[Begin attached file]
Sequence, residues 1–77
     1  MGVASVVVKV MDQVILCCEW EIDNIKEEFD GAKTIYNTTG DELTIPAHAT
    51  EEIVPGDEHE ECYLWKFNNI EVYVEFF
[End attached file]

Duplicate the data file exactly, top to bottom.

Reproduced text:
Sequence, residues 1–77
     1  MGVASVVVKV MDQVILCCEW EIDNIKEEFD GAKTIYNTTG DELTIPAHAT
    51  EEIVPGDEHE ECYLWKFNNI EVYVEFF